Beethoven: The Man Revealed

Stieler, Joseph Karl: Beethoven mit der Missa solemnis Ölgemälde, 1819

By John Suchet (2012) This “biography” is a sub-Wikipedia standard, slapdash tract that wouldn’t pass muster as an afternoon talk to Kiwanis with early onset dementia. We’ve developed a drinking game for those who choose to peruse it: When the author says “it seems” or something “might have” been, or is “likely,” “possible,” “probable,” or words to that effect, you have a beer. I had a beer on pages 4, 17, 26, 30, 41, 48, 50, 54, 56, 76, 83, and 100;  2 beers on pages 5, 6, 36, 47, 51, 82, and 105; 3 schooners on page 82, and 4 pots on pages 3 and 7….

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Peter Lawford – The Man Who Kept the Secrets

By James Spada (1991) This is a dense, fact-packed, competently written but somewhat pedestrian account of a very strange, sad man. Lawford (1923 – 1984) was an urbane English actor with more charm than talent, as can be seen from his mediocre filmography (reasonable performances in MGM confectionary like The White Cliffs of Dover (1944), quite moving as the doomed soldier; Good News (1947) with June Allyson (see below); Easter Parade (1948), and Royal Wedding (1951), and effective 2nd lead roles in It Should Happen to You (1954); Exodus (1960), a neat turn as a nasty, bigoted officer; The Longest Day (1962), suave as Lord Lovat; Dead Ringer…

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American Pharaoh

The Mayor at the opening of the Lake Front Festival, 1973, showing his sartorial flair

Mayor Richard J. Daley: His Battle for Chicago and the Nation (by Adam Cohen & Elizabeth Taylor) (2000) What other book to buy in the south side of Chicago? TVC was only a few blocks from Bridgeport, where Richard J Daley lived and died, with his wife of five or so decades and 7 children, bog Irish and loyal to their neighbourhood to an insane degree, so loyal that they looked down on Irish families that moved to the suburbs, the ones so pretentious that they “had fruit in the house when nobody was sick,”  Having selected this and one other book, TVC…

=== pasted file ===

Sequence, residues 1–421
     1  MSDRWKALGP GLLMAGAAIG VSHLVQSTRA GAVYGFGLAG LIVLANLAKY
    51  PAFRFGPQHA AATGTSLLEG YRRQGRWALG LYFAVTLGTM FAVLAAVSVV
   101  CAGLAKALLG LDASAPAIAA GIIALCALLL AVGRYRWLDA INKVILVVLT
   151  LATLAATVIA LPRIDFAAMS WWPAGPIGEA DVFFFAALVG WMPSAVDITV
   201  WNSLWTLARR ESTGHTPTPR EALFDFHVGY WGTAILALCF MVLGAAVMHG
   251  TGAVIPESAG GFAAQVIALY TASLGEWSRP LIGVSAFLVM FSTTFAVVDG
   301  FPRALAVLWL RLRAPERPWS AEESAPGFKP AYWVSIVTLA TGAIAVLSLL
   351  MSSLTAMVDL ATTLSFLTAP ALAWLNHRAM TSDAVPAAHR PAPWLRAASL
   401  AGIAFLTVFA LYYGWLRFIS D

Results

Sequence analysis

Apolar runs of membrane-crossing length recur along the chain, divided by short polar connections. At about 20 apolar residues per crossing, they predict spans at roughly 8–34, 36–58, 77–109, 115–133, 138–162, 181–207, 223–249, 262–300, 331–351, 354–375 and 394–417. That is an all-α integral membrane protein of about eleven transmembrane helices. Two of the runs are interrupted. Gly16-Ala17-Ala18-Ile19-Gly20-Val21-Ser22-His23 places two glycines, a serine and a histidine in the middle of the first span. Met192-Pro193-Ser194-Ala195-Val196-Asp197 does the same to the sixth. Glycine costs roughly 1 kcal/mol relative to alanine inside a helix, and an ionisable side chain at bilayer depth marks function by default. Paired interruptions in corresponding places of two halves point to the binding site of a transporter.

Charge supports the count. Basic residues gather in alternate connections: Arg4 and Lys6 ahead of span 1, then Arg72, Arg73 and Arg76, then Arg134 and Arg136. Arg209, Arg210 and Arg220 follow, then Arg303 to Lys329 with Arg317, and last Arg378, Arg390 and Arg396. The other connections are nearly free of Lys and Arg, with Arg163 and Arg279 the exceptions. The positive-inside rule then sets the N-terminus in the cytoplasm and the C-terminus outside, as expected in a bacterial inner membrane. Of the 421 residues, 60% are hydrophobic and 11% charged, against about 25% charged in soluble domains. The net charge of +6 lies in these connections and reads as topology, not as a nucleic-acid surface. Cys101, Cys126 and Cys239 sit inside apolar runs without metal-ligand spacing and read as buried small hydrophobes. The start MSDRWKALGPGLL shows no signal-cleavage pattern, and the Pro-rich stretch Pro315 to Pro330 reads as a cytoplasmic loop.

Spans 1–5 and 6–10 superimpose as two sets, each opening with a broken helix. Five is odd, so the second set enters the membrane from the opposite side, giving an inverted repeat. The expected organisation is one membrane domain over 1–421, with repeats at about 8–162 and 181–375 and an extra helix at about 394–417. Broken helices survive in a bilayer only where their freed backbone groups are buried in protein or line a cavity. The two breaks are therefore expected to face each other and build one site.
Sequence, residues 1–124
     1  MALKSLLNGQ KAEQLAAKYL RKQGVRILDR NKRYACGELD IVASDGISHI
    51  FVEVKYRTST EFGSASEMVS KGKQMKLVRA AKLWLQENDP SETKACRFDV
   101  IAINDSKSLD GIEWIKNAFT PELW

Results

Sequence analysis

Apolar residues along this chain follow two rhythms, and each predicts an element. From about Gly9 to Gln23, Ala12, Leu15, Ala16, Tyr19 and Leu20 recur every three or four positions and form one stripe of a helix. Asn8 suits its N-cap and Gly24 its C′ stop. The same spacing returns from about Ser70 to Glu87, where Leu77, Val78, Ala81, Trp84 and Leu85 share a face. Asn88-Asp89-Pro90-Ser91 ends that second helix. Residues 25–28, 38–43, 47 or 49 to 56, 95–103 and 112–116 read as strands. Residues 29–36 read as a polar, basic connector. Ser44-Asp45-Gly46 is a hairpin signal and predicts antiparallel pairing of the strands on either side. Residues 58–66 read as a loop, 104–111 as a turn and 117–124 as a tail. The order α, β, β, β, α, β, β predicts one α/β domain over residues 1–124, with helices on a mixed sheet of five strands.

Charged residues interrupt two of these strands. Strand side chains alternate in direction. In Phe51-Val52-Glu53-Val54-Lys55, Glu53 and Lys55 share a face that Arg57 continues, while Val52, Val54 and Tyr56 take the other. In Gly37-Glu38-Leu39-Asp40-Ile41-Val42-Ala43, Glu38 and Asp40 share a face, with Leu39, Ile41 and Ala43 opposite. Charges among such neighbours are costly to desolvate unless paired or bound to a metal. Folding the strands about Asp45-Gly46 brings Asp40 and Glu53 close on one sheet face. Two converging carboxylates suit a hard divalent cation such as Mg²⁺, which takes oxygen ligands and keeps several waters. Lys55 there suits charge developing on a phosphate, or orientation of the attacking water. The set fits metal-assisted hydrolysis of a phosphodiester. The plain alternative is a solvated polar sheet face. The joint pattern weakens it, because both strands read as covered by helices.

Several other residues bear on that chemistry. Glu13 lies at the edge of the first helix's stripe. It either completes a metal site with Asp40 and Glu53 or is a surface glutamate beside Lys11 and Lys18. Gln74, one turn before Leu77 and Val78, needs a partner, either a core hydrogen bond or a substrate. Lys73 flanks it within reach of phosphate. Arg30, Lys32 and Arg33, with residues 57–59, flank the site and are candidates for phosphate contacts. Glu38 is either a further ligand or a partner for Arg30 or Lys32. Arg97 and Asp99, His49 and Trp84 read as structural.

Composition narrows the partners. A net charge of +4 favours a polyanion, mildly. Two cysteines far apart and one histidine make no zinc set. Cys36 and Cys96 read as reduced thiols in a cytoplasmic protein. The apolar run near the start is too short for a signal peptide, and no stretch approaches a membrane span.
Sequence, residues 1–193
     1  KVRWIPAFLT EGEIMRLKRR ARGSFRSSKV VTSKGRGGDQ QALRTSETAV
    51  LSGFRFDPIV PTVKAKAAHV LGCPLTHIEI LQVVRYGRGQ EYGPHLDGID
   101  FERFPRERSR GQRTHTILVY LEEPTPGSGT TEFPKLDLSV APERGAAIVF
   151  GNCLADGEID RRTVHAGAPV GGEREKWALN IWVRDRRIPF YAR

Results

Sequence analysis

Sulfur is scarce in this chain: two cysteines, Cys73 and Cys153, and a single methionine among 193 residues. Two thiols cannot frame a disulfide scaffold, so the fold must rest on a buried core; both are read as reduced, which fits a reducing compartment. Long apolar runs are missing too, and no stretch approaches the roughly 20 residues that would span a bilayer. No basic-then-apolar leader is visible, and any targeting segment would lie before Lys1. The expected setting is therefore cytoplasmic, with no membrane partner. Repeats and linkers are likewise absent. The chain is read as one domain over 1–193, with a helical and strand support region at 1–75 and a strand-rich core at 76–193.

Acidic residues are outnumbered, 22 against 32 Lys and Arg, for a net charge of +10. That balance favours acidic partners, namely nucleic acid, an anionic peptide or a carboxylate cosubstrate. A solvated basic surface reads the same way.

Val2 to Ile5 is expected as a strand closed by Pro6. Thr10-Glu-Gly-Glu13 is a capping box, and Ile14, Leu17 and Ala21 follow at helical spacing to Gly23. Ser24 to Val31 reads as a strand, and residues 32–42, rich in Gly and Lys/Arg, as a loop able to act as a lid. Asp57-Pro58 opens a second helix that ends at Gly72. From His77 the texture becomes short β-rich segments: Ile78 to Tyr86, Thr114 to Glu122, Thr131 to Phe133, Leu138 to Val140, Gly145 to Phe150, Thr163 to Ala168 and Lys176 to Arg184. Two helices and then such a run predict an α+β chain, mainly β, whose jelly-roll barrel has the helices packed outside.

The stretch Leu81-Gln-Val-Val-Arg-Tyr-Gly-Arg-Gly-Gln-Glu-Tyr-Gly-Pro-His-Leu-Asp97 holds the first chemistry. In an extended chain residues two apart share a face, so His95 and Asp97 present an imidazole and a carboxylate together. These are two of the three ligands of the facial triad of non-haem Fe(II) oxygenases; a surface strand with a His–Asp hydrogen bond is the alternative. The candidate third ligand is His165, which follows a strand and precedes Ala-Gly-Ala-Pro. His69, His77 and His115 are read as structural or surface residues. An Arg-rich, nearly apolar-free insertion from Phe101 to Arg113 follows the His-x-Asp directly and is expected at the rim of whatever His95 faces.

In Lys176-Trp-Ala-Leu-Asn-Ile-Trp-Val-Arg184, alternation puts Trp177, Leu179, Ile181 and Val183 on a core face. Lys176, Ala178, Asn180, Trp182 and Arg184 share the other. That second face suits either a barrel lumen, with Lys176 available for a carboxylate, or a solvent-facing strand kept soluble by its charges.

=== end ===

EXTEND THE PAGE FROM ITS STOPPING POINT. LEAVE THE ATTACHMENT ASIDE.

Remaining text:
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Butterfly on a Pin by Alannah Hill

It is wrong to judge an autobiography on the character of its subject.  It’s apparent from Australian fashion designer Alannah Hill’s memoir, Butterfly on a Pin, that she is melodramatic, rude, narcissistic, deliberately ignorant and Difficult to Get On With.  Hill says that she was molested no fewer than 4 times her in her youth.  She does not mention eating anything other than junk food and lollies. In her younger days she lied, forged and stole (“the next day I shoplifted a hammer”). She is obsessed with her son* and her dead mother (whom she spends much of her book demeaning).  She had an undoubtedly rotten childhood, has pulled-herself-up by her pretty bootstraps…

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Gold Dust Woman : The Biography of Stevie Nicks

(by Stephen Davis) That “The” in the title is pretty rich. This is not a definitive biography of Stevie Nicks. This is a pedestrian grab for cash. Davis didn’t interview Nicks – he’s taken his material from published interviews, the music, quotes, interviews with friends and colleagues. He may have spoken to Nicks when working with Mick Fleetwood on the latter’s 1990 memoirs, Fleetwood: My Life and Adventures in Fleetwood Mac (which Davis says was “an international best seller (and the foundation text for almost every book written since about this band).”  Gold Dust Woman isn’t a bad book, it’s just that…

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